21 (21) retaliating against children whose parents made demands on their behalf.
22

13.

There are at least three categories of children with disabilities within the District

23 that are particularly disadvantaged by MHUSDs discriminatory implementation of, or failure to


24 implement, the IDEA mandates. First, the District purports to provide educational services to
25 infants with disabilities by placing them in one of three Special Day Classes (SDC)one, for
26 children with Autism Spectrum Disorder (ASD), another, for children with non-categorical
27 disorders, and a third for Speech Only. As implemented and applied, MHUSDs placements
28 provide no solution for pre-schoolers with high-functioning Autisma large and growing
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1 segment of the infant population. Placement of high-functioning infants in MHUSDs ASD SDC
2 program is overly restrictive and leads to emotional and behavioral regression in these childrens
3 development; placement in the non-categorical SDC, on the other hand, provides no
4 individualized support services or general education placement and prevents infants with high5 functioning Autism from advancing socially, emotionally and academically. Second, MHUSD
6 has developed a policy of withholding services from any child who performs well academically
7 regardless of the childs emotional or psychological challenges. Without an appropriate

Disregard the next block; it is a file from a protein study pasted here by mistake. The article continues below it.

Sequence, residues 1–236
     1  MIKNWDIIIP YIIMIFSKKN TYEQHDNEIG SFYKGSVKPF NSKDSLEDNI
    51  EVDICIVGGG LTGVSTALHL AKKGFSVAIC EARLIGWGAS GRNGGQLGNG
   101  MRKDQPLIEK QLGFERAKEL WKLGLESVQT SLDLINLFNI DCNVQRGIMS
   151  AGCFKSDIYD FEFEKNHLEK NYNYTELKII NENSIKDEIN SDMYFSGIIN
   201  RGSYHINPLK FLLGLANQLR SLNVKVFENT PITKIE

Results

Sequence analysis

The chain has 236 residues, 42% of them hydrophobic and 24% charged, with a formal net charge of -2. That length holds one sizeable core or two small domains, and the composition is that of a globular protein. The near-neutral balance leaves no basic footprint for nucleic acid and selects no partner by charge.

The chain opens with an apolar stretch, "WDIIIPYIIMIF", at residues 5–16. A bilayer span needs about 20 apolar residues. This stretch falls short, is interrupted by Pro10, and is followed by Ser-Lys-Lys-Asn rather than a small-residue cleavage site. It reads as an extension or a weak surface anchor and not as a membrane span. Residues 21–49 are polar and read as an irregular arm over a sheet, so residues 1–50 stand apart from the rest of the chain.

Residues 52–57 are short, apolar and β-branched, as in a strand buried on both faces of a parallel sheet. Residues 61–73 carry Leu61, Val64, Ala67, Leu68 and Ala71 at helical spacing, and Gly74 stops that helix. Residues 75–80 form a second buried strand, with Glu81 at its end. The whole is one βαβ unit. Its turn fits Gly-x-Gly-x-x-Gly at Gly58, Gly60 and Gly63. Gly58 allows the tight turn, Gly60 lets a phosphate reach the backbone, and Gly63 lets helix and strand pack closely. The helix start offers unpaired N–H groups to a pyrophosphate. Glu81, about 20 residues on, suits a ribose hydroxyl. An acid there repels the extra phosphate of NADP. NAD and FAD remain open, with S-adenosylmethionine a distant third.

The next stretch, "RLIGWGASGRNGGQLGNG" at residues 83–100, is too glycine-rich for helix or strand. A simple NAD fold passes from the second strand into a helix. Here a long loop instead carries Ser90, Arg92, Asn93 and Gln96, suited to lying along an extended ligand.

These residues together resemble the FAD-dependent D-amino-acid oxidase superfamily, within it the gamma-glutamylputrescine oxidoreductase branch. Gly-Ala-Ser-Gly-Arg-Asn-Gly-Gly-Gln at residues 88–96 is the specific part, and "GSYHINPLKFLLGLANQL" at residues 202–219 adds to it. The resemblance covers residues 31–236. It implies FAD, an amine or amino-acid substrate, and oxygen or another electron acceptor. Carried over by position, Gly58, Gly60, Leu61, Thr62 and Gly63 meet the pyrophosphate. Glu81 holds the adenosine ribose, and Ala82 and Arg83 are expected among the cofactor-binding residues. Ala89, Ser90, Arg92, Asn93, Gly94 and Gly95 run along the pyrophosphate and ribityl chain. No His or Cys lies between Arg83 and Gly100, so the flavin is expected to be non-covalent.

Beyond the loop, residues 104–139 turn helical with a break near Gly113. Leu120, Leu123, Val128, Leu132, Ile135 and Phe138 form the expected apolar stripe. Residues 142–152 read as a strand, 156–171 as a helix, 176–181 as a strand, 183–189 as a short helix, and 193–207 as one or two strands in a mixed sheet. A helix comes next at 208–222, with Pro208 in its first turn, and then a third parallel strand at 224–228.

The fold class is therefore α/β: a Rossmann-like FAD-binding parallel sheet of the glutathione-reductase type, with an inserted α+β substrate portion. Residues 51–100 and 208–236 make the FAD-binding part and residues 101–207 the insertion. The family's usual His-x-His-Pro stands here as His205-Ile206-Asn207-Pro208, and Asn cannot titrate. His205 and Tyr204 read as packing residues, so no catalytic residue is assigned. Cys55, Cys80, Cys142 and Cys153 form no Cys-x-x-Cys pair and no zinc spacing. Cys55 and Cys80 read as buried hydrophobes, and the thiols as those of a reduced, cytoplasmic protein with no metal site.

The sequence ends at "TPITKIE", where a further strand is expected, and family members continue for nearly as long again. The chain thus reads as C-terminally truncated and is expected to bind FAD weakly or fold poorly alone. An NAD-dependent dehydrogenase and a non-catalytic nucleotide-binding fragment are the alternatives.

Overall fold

8 Behavioral Support Plan, for instance, many children with special emotional or psychological
9 needs begin to fall behind as their behavioral challenges increasingly interfere with their ability to
10 advance academically and impair their development into productive individuals. When their
11 behavioral difficulties overwhelm untrained District personnel, the children are removed from
12 their neighborhood schools and are generally placed in remote and highly restrictive segregated
13 programs. Finally, MHUSD has neither designed nor implemented appropriate transition plans
14 for children with disabilities at each crucial phase of their young lives: from kindergarten to
15 elementary school, from elementary to middle school, from middle school to high school and
16 from high school with the life skills necessary to transition to an independent life.
17

14.

That the California Department of Education was aware of the dysfunction that has

18 prevented the District from providing FAPE is memorialized by the CDEs own publicly
19 available data. The CDE 2011 Adequate Yearly Progress (AYP) Report for the 2010-2011 school
20 year shows that students with disabilities at MHUSD failed to meet the target proficiency level in
21 English-Language Arts or Mathematics. Similar reports show that the proficiency levels for the
22 2010-2011 school year are even lower than those reported for 2009-2010. The overall test results